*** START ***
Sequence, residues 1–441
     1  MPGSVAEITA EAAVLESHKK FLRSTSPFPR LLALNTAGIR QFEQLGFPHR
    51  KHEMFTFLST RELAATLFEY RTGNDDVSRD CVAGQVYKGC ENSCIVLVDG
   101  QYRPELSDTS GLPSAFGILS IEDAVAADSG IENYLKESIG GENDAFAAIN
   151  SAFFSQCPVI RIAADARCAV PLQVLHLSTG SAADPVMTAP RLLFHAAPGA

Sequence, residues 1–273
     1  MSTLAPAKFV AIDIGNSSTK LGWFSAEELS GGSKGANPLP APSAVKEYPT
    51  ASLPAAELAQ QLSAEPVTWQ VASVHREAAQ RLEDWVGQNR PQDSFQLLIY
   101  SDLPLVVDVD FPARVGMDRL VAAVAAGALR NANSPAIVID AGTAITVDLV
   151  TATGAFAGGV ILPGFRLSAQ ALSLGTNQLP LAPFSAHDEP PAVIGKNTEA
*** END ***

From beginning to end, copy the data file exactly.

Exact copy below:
Sequence, residues 1–441
     1  MPGSVAEITA EAAVLESHKK FLRSTSPFPR LLALNTAGIR QFEQLGFPHR
    51  KHEMFTFLST RELAATLFEY RTGNDDVSRD CVAGQVYKGC ENSCIVLVDG
   101  QYRPELSDTS GLPSAFGILS IEDAVAADSG IENYLKESIG GENDAFAAIN
   151  SAFFSQCPVI RIAADARCAV PLQVLHLSTG SAADPVMTAP RLLFHAAPGA

Sequence, residues 1–273
     1  MSTLAPAKFV AIDIGNSSTK LGWFSAEELS GGSKGANPLP APSAVKEYPT
    51  ASLPAAELAQ QLSAEPVTWQ VASVHREAAQ RLEDWVGQNR PQDSFQLLIY
   101  SDLPLVVDVD FPARVGMDRL VAAVAAGALR NANSPAIVID AGTAITVDLV
   151  TATGAFAGGV ILPGFRLSAQ ALSLGTNQLP LAPFSAHDEP PAVIGKNTEA